• The seizure of an Abkhazia mining rig fails to halt mining

  • Due to issues with electrical distribution, Abkhazia officials go on the offensive, shutting down power-hungry crypto mining farms and seizing mining equipment.

    Abkhazia’s Electricity Problems Are Exacerbated by Crypto Mining

    Many people in the self-governing territory of Abkhazia have turned to crypto mining to generate new coins in order to increase their income. The increased use of mining rigs, on the other hand, has put strain on the power grid. According to Levan Melbonia, chairman of the board of directors at the Inguri power plant, located on the border between Georgia and Abkhazia, cryptocurrency mining rigs can cause an increase in power consumption of 60-90MW, contributing to the total annual consumption of two billion kWh per year, which is 10 to 15% more than what should be consumed. Following an informal 1997 agreement, Georgia and Abkhazia share the power generated by the Inguri hydroelectric power plant in a 60 percent-40 percent split.

    For many years, the price of electricity in Abkhazia has been low, with the most recent publicized tariff for households being 0.4 Rubles per 1 kWh, resulting in an influx of foreign miners into the region, particularly from neighboring Russia. According to the plant’s chairman of the board of directors, the region of Abkhazia does not pay for generation, only for distribution.

    However, Abkhazia’s distribution infrastructure has seen better days, and much of the electricity is not reaching consumers. Furthermore, the hydroelectric plant was recently shut down for repairs, resulting in blackouts from mainland Russia via a 220kW and a 500kW line.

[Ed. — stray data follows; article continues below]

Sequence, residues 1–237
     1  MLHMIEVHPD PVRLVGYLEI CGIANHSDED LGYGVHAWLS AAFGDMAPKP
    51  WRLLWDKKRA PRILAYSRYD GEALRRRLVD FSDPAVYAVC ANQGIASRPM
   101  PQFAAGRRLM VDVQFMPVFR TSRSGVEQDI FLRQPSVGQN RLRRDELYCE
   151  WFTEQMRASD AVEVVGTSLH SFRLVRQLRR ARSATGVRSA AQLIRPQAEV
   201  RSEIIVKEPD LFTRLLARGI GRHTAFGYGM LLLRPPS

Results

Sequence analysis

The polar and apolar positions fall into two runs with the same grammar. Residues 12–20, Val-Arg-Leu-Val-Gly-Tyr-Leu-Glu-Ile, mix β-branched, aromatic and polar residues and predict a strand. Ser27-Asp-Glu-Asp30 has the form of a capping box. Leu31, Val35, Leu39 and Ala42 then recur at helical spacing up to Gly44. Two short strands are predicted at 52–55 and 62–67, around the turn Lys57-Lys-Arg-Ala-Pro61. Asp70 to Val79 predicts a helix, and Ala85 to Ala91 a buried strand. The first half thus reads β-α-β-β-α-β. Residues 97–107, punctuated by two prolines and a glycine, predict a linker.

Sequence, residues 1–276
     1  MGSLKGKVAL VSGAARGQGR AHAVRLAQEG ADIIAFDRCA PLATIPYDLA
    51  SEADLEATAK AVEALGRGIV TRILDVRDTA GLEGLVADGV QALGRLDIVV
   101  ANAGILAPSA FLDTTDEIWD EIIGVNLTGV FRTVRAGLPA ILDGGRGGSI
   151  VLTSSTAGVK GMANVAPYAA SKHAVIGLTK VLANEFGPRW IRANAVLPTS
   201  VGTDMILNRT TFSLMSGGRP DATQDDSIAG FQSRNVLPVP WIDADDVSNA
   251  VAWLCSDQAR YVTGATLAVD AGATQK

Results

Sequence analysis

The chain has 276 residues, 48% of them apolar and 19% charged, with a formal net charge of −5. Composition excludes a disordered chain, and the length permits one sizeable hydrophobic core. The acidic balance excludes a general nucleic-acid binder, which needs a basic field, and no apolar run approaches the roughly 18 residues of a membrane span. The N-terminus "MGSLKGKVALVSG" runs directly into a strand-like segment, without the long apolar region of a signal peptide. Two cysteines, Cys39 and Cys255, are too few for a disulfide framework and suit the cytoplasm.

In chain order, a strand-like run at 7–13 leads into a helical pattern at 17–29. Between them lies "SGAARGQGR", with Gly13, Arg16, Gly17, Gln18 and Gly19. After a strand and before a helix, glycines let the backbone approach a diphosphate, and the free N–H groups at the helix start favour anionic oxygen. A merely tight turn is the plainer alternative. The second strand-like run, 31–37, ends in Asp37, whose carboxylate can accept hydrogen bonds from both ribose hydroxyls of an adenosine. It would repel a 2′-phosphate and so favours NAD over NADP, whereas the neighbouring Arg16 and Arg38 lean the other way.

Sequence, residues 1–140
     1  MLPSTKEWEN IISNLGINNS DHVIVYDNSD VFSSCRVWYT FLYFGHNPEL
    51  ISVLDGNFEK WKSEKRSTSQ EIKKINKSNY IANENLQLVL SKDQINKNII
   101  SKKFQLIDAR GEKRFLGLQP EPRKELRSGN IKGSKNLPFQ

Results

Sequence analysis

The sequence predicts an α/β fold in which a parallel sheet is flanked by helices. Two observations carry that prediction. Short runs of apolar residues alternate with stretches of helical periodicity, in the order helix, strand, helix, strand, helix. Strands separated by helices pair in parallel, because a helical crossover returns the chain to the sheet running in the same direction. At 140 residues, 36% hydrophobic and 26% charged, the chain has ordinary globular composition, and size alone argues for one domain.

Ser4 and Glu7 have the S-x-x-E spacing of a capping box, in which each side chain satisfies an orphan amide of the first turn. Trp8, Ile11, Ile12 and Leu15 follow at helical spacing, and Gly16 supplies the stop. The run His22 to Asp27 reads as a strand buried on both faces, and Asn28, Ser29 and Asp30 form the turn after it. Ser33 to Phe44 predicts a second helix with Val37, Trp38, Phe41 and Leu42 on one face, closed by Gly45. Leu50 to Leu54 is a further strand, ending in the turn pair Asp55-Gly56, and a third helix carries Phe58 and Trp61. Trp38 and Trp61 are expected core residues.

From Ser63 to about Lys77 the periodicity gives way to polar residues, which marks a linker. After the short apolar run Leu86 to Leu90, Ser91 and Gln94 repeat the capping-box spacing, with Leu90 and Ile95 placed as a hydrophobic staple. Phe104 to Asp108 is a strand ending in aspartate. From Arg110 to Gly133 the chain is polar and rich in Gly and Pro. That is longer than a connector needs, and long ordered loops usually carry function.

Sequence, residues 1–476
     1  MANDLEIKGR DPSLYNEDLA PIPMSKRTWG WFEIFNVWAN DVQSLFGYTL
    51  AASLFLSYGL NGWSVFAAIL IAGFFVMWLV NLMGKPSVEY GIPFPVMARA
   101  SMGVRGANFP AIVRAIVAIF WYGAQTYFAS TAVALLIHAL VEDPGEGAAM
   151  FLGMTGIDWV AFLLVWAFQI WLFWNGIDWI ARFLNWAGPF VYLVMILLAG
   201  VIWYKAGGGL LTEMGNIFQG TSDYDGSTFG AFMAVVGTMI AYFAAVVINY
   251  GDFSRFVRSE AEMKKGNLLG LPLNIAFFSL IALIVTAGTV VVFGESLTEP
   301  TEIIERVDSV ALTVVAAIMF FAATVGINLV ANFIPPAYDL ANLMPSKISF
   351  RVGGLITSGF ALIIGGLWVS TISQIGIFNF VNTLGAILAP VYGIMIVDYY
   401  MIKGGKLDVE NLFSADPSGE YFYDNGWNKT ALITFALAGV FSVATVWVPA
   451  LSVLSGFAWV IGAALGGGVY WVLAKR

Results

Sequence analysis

The police have launched an anti-crypto mining offensive.

    Despite police raids in an attempt to crack down on crypto mining, which resulted in the seizure of 6000 mining rigs and the closure of mining farms, an estimated 30000 rigs remain. Many people still have mining rigs in their homes, and recent government offensives haven’t deterred the vast majority of miners from engaging in what is now illegal activity. Some miners connect to the grid illegally, leaving them without legal recourse.

    Much work remains to be done in order to make cryptocurrency mining profitable.

    Raids and cooperation with law enforcement officials will continue, according to Akhra Gagulia, head of the Gudauta department of the region’s power utility Chernomorenergo, but much work remains in enforcing the government offensive. The government is considering obtaining power from the Russian Federation, which would allow it to allow mining farms in the region that are legally connected to the power grid.

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